Merely being an associate of the director does not mean that an individual is liable to pay the tax.  The Commissioner must also be satisfied that, among other things, due to the associate’s relationship with the director or their relationship with the company, that the associate knew, or could reasonably be expected to have known, that the company had failed to pay amounts withheld to Commissioner.

In addition to the knowledge or reasonable expectation of knowledge requirement, the Commissioner must also be satisfied that the associate did not:

  • take reasonable steps to influence the director to cause the company to notify the Commissioner about the amount withheld,
  • take reasonable steps to influence the director to cause the company to pay the withheld amounts to the Commissioner,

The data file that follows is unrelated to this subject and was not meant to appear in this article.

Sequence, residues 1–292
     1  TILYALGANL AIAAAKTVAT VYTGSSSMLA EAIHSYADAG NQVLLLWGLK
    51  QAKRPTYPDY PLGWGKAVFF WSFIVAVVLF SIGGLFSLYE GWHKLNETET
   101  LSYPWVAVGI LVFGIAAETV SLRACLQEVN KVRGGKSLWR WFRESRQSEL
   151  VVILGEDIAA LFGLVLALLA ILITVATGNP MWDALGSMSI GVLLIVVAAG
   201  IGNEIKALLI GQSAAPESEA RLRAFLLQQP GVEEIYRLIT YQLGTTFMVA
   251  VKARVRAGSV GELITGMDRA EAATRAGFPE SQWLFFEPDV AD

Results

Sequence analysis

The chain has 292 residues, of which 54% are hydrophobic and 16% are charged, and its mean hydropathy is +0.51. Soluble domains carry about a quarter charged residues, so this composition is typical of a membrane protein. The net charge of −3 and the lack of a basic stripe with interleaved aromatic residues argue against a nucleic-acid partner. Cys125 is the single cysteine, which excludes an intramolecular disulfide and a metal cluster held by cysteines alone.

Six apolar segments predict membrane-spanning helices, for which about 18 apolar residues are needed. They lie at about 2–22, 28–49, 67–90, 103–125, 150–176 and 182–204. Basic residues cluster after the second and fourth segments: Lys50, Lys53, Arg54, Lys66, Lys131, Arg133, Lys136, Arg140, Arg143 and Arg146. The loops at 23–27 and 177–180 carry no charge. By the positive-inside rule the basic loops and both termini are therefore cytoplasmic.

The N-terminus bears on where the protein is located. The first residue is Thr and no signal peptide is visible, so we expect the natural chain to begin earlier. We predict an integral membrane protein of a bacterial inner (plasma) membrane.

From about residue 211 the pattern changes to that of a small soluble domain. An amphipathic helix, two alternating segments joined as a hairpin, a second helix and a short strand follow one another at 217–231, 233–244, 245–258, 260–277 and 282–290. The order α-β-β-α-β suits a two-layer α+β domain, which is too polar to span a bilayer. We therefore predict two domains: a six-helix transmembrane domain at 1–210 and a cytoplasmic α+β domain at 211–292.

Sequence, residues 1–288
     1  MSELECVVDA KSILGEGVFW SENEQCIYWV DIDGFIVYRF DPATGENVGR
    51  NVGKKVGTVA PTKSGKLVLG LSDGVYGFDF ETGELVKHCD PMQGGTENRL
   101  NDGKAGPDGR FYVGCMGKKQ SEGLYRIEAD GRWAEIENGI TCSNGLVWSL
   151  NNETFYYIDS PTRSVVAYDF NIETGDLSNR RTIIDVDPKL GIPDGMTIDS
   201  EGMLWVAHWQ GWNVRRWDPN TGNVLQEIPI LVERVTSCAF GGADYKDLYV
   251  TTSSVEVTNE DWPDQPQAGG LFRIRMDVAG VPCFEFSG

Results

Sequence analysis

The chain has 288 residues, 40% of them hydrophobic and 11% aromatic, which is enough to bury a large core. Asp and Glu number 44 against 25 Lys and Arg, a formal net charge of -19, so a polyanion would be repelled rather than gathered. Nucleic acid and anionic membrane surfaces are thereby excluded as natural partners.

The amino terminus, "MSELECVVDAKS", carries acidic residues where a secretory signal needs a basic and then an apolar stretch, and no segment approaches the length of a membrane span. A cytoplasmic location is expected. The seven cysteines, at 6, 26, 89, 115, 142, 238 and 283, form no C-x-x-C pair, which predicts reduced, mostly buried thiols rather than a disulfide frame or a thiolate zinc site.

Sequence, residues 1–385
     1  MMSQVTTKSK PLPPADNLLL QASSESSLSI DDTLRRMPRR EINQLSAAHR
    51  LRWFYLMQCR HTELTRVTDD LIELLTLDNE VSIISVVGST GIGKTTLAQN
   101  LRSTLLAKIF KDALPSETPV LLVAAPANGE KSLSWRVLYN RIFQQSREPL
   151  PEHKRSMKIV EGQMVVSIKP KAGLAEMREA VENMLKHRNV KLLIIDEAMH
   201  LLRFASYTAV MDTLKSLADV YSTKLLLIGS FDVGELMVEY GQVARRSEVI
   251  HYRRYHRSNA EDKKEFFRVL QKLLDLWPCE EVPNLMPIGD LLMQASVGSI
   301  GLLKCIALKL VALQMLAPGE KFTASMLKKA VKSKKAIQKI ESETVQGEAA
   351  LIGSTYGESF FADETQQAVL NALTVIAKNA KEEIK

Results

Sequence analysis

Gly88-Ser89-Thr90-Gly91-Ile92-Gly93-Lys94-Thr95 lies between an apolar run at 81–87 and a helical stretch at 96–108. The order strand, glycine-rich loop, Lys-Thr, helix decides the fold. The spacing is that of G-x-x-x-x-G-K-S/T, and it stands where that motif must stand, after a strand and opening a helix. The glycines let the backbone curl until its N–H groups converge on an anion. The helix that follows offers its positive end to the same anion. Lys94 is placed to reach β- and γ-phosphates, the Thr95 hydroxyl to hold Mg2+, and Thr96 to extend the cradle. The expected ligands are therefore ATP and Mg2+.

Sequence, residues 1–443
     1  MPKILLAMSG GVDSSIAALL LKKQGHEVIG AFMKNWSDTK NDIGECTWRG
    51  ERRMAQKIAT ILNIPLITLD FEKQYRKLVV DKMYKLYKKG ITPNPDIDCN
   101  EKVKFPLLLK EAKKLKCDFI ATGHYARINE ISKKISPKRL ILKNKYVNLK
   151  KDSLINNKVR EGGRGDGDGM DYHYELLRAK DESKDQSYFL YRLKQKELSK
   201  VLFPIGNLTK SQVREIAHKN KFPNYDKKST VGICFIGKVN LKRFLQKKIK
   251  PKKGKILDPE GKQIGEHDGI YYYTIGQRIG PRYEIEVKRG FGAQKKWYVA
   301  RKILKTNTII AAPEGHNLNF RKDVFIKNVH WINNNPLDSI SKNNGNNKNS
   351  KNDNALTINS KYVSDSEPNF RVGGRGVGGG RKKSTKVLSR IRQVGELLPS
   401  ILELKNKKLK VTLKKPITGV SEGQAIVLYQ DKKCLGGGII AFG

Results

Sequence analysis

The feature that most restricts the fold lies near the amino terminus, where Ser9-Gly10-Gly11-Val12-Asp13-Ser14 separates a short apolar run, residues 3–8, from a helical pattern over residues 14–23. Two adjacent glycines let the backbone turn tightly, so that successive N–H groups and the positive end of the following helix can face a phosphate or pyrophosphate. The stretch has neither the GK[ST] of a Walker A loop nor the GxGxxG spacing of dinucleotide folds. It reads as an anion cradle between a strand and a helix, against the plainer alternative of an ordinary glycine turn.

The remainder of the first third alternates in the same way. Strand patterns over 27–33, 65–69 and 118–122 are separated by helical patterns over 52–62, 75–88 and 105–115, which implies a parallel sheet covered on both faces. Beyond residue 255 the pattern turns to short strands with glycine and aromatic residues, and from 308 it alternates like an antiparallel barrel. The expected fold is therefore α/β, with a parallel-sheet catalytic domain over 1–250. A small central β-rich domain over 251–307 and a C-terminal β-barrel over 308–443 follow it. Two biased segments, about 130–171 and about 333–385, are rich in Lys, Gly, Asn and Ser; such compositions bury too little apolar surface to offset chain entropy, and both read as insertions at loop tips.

• take reasonable steps to influence the director to appoint an administrator or have the company wound up, or
  • report to the Commissioner or other relevant authority that the company has not paid the amount withheld to the Commissioner.

If a company director or their associate is liable to pay PAYG withholding non-compliance tax, the Commissioner may only commence proceedings to recover the tax after issuing a notice to the individual.

The Commissioner must not issue a notice to enable recovery of PAYG withholding non-compliance tax from a director if that director has a Director Penalty liability that relates to the company’s failure to meet its PAYG withholding obligations. The Commissioner must not issue a notice to enable recovery against an associate if the director who the individual is an associate of has a director penalty liability that relates to the company’s failure to meet its PAYG withholding obligations.